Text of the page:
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Elements regarding Principal/Agency liability
  • Assent
  • Benefit
  • Control
  • Within Scope of Agent's Duties
Note: Intentional torts are no generally inside the scope, unless naturally part of the work or Agent is doing it with the intent to benefit the Principal
Principal's Liability for Agent's Contracts when:
Agent is authorized to enter into such contracts

  • Express Authority: Can be oral (except related to land) and is revocable.
  • Actual Implied Authority: Established through necessity, custom or prior dealings
  • Apparent Authority: Principal cloaks & 3rd party relies.
  • Lingering Authority: After agency power terminated, P may still be liable for K's made by agent if P did not put those parties on notice
A Principal can ratify an Agent's K through:
  • Knowledge of the contract, and
  • Acceptance of its benefits
  • In NY, ratification cannot alter the terms of the contract
When can express authority be revoked
  • Revocable when either party indicates through action or words, or by death of the Principal
  • Cannot revoke if durable power of attorney is given in writing
When is an Agent liable for persoally for a K made
When there is an undisclosed principal
Duties Agent owes his Principal
  • Duty of Care
  • Obey Reasonable Instructions
  • Duty of Loyalty (Disgorge profits if breach)
Formation requirements for general partnerships
  • No formalities are required
  • Need an association b/w two or more persons carrying on as co-owerns of business's profits
General Partner's liability to third parties in regards to pre-existing debts
Incoming partners are not liable for prior debts, but their contributions can be used to pay those debts
An outgoing General Partner's Liability to third parties
Retains liability on future debts until they die, unless notice of their withdrawal has been given to all known and even potential creditors
Liability by Estoppel
If one represents himself as a general partner, he will be liable as if a general partner
Definition of a Limited Partnership and each member's liabilities
Defined: At least one General Partner and one Limited Partner

General Partners: Liable for limited partners liability

Limited Partners: Not liable for partnership's obligation, but are for their own contributions
Formation requirements for a Limited Partnership
There must be a formal filing with the state where the names of all general partners are disclosed
Registered Limited Liability Partnerships (formalities and liabilities)
Formal filing indicating profession

No partner is liable for its debts and obligations
Limited Liability Corporation: Formation
File articles of organization and must publish a summary of them once a week for six weeks in a row in two newspapers
Limited Liability Corporation: Liabilities
Members who are owners are not liable for debts and obligations of the LLC itself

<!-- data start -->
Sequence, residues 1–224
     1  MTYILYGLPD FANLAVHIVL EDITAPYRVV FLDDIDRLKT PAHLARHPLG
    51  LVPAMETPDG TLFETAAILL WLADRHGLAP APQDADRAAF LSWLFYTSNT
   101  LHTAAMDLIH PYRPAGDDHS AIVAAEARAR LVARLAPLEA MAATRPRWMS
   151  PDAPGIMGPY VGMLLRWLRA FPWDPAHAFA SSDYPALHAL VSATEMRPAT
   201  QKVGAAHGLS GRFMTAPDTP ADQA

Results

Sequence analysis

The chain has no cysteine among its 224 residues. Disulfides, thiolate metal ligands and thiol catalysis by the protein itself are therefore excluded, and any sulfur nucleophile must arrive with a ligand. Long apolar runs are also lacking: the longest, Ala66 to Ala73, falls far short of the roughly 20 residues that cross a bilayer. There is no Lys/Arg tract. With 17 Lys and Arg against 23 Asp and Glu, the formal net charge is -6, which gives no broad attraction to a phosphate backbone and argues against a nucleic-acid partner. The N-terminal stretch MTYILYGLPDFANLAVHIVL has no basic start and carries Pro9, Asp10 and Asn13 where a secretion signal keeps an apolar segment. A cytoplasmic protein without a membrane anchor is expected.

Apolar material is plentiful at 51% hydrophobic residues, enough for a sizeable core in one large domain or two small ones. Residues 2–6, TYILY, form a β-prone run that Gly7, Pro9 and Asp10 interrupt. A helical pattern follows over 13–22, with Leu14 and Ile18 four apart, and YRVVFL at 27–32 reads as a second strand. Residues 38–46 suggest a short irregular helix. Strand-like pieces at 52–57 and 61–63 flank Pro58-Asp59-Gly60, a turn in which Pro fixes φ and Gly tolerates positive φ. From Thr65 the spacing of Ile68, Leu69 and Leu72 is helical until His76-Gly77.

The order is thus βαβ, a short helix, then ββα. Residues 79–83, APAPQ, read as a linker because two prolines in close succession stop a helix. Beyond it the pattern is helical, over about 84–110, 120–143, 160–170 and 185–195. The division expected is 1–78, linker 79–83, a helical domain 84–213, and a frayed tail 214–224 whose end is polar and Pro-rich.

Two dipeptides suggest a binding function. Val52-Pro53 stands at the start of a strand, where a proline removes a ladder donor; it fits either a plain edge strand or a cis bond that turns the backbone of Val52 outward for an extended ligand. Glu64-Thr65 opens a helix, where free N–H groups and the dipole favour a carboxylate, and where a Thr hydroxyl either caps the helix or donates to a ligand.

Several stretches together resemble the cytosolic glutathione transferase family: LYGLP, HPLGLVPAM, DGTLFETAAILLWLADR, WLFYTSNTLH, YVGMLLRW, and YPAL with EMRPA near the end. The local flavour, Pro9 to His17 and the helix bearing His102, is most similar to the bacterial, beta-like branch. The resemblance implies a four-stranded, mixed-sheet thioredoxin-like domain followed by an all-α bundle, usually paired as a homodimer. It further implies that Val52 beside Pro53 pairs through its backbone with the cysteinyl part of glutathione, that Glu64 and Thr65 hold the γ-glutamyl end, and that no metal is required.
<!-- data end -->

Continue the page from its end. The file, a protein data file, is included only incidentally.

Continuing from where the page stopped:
Limited Liability Corporation: Partnership Characteristics
  • Member control, but may delegate to managers
  • Limited Liquidity
  • Limited Life
Duty between Partners
Partner is a fiduciairy

Duty of Loyalty (Remedy: Accounting and Disgorging)
Partnership Rights in Partnership Property
  • Specific Partnership Assets: Land, leases, equipment owned by partnership; cannot transfer to 3rd parties w/out partnership authority
  • Profits and surplus are partner’s personal property of the partner and may be transferred to a 3rd party
  • Share in management is not transferable
  • Conflict b/w specific partnership assets and personal property: Look to the money
Partner's right to management
Absent an agreement, each partner is entitled to EQUAL control
Partner's right to salary
Absent an agreement, partners get no salary
Partners Share of profits and losses
  • Absent an agreement, Profits shared equally
  • Absent an agreement, losses shared like profits
Rights of partner to the partnership
  • General rule is that a partner may not sue the partnership, can only sue for accounting
  • EXCEPTION: Disputes over one fully completed, but unadjusted transaction.  No complex accounting is necessary to adjust the rights of the parties.
Causes for Dissolution of a Partnership
Any material change in the partnership consisting of the withdrawal or death of any general partner - > automatic dissolution
Stages of Dissolution
Winding up
Winding up involves
Assets are liquidated to satisfy any creditors
Partnership's Liability during the winding up period
  • Old business: Partnership and therefore its general partners retain liability to wind up old business
  • New business: The partnership and therefore its partners still retain liability for new business until notice of dissolution is given to all existing and potential creditors
Priority of distribution
Outside creditors, then inside creditors, then partners capital contributions, then Profits minus Losses
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